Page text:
What makes it risky is that we still might be misunderstood, and others still might be displeased or unimpressed with us.

But God has spoken to me with the hope of that alternative result. And like most of my journal pages scrawled out in a half-lit room, I want to practice sharing the draft in progress.

The Pursuit of Friendship

Cultivating friendship takes work. Amen.


For two years now, we’ve called a new town “home.” The start of that season was rocky in terms of developing relationships with other women – especially coming from such a devoted, small group of friends two hours away.

But slowly, I started saying “yes” more than “no” to a new community, letting them into my stories and dreams and insecurities. And honestly, the lines around our friendships are more blurred than ever, crossing boundaries of work and church and people who we just can’t stand not to be around.

I wrote a piece for Deeply Rooted Magazine about this process, which you can read here.

Here’s an excerpt:

Self-protection and self-monitoring can be comfortable patterns that seem like wisdom, when turning inward can actually perpetuate the selfishness of insecurity—which is exactly why this passage in James intrigues me:

“But the wisdom that comes from above is first of all pure. It is also peace loving, gentle at all times, and willing to yield to others. It is full of mercy and good deeds. It shows no favoritism and is always sincere. And those who are peacemakers will plant seeds of peace and reap a harvest of righteousness” (James 3:17–18, NLT, emphasis mine).

Wisdom of the Lord means being willing to yield to others. I don’t think James means becoming passive doormats, but rather making ourselves available to be influenced by others, serving them and being transformed by God in the process. Living here for two years, I can name a small handful of women I trust, who affirm my identity in Christ and challenge my fleshly version of wisdom. But I still need to peel back the layers of self-protection and rely on his Spirit within me to resist any lingering fear or apprehension—for the sake of authentic friendship, his glory, and my good.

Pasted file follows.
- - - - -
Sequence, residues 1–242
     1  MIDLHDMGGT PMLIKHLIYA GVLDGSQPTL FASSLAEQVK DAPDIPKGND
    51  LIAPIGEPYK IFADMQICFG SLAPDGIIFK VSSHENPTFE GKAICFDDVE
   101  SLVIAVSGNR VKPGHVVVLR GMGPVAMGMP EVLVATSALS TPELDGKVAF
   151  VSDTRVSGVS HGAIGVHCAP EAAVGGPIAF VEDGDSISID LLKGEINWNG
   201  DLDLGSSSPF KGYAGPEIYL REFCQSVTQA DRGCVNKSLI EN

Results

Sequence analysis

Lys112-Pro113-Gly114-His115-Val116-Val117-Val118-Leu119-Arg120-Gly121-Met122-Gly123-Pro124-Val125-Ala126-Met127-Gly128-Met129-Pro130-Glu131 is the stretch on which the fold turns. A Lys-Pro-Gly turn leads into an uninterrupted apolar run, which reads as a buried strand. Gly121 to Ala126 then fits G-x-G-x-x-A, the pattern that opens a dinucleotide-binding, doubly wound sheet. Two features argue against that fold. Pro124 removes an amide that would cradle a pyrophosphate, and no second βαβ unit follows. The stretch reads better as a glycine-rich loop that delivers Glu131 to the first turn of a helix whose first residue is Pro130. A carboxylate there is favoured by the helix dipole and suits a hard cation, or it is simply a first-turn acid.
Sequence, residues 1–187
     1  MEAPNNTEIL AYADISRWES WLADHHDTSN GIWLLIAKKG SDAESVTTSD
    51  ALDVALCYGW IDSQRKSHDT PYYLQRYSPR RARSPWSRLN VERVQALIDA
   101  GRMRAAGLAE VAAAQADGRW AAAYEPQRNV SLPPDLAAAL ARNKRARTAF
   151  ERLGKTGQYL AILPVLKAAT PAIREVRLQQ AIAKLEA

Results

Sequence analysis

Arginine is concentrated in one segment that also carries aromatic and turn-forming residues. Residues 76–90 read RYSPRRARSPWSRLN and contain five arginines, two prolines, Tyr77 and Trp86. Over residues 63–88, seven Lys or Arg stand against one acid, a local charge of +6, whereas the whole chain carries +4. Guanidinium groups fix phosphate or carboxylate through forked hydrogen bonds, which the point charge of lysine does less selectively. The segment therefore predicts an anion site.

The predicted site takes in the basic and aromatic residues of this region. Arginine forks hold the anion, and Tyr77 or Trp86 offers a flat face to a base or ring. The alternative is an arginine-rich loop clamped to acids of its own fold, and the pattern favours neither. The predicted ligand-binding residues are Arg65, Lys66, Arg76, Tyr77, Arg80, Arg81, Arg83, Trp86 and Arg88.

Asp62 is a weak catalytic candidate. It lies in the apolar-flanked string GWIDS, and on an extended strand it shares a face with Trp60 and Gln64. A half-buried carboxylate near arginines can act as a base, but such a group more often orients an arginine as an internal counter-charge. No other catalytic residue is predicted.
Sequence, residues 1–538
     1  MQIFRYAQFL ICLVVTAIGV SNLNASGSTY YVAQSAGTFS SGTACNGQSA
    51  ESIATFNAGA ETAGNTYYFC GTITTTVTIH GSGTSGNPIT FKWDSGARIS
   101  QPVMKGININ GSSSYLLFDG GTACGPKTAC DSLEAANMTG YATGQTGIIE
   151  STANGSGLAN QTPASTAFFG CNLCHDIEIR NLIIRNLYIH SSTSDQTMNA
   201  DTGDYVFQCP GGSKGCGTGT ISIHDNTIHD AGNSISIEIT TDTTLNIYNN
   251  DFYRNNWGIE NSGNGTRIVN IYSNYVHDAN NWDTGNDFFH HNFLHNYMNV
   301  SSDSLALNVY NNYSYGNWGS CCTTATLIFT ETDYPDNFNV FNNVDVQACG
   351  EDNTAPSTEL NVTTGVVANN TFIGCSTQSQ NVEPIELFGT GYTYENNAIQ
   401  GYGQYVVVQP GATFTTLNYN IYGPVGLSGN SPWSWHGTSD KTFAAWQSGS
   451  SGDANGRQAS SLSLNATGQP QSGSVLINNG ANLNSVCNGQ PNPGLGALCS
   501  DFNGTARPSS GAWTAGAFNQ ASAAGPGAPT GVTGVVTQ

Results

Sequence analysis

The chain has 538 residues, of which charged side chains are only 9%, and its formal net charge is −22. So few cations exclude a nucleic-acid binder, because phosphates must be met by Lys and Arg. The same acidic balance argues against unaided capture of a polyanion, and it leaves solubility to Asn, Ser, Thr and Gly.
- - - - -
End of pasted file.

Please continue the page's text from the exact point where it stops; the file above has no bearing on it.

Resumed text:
Maybe you can relate? For me, this is ongoing – one big, unfolding lesson of vulnerability and joy. Again, you can find the whole blog post here.

To The Sea

I went to the beach last week. And when I took one of my morning walks, I remembered I wrote something two winters ago and never shared it. The words of this piece (edited slightly for length) came even before I posted this quote from one of my favorite authors.

The ocean will always stir things up in me, as it may do for you. I hope you have places where this resonates.

My family traveled to the Gulf Coast nearly every summer as I grew up. We always drove the 12 hours by van, complete with a car-top carrier and sometimes an extra vehicle. I remember mere minutes into the trip, we’d scratch off the lottery tickets my dad would buy for all of us, the shrieks of success over $2.00 victories that we probably forgot to cash in when we returned home.

By the end of the drive, the van smelled a bizarre smell I can only describe as peanut M&M’s and Lifesaver gummy rings and the occasional whiff of worn socks. Stepping out into the salty air to catch the view of the sea upon arrival was a welcomed relief.

This pattern is familiar. The smell, too, is familiar. But I never get used to the moment when my toes hit the sand, steps slowing on the walk to the ocean. I immediately wonder how many grains I’m crossing over and how deeply underground the crabs live and how in the world did we get beaches?

The ocean turns me into a curious student, eager to learn and re-learn what it means to be made small.


Encountering smallness, I’m confronted with the reality that the world is more complex than the one orbiting around my day-to-day. It’s greater than my morning coffee and evening wine, my most fantastical wishes and dysfunctional relationships and bouts of insecurity.